Surprisingly, the cheapest way to take satellite navigation into space is to use satellites around the Earth, Elizabeth Rooney, senior engineer at Surrey Satellite Technology Ltd, told Insider. The company is working with ESA to develop satellite navigation in space.

There are several major problems with this approach. The most important of them is that these satellites are directed towards the Earth.

This means that most of the signal from the satellites is blocked and only a small part spills out. The bit that spills out is much weaker than the main signal, and gets even weaker farther from Earth.

The infographic shows how Earth is blocking many of the main signals from GNSS signals.

Outside of the immediate perimeter of the Earth, here called the space service range, the Earth blocks many signals from Earth’s navigation satellites (herein called GNSS satellites, for Global Navigation Satellite System).NASA

Given all these limitations, it would seem impossible to use this signal to navigate to the moon. But engineers have spent decades developing sensitive detectors that could harness this signal from deep space.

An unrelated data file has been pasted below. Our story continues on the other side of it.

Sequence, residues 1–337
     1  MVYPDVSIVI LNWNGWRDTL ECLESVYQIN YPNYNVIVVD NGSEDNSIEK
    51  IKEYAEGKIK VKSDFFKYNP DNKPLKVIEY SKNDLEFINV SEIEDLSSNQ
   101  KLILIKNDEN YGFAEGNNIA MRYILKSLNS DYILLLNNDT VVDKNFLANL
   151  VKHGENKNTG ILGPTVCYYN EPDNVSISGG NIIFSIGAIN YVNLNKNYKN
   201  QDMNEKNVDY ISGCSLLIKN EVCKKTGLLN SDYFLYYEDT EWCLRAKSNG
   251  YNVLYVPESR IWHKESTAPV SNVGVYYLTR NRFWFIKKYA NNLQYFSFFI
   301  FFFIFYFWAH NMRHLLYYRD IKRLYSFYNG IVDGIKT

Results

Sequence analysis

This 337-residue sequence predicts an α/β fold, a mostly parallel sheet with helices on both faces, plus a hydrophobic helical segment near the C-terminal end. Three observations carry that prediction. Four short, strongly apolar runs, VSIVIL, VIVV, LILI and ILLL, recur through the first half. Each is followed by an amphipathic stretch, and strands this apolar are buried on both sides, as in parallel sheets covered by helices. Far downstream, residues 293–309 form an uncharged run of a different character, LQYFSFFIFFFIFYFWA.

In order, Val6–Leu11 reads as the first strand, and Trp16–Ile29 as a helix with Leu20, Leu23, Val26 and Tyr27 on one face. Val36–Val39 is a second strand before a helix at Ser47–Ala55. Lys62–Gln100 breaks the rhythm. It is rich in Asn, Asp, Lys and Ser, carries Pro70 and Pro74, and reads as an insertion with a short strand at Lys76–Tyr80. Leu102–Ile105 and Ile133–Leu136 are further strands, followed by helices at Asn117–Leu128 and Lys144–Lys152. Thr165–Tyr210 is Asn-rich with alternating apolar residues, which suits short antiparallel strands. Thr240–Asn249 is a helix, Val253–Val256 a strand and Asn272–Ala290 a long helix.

And they succeeded.

In 2019, four satellites were able to determine their position in space using signals from terrestrial GPS satellites.

They were 116,300 miles away – about halfway to the Moon, Ventura-Traveset said.

We really need a way to go all the way to the moon autonomously

The next frontier is the detection of this signal on the second half of the journey. But Ventura-Traveset is confident.

ESA and NASA are refining their detectors that could use signals from Earth satellites and are ready to test them on upcoming lunar missions.

The diagram shows the first phase of ESA's Moonlight initiative

As part of an ESA initiative, the detector will be mounted on a satellite orbiting the Moon, called Lunar Pathfinder, to see if it can navigate autonomously.ESA-K Oldenburg/Insider

The ESA receiver, named NaviMoon, is scheduled to be launched aboard the Lunar Pathfinder satellite in 2025 or 2026. ESA predicts that NaviMoon should be able to pinpoint the satellite’s position to within about 60 meters (about 200 feet), Ventura-Traveset said.

The hope is that with this detector, the satellite will be able to navigate autonomously around the Moon, he said. It is also very light, weighing around 4 kilograms (8 lb) in total, and could replace many of the heavier devices on board a spacecraft.

The photo shows a receiver component belonging to ESA Navimoon.

Tested NaviMoon satellite navigation receiver.SSTL

NASA is also working on detectors, developed in collaboration with the Italian space agency. Their goal is to launch the first of these receptors to the lunar surface in 2024 as part of the Lunar GNSS Receiver Experiment.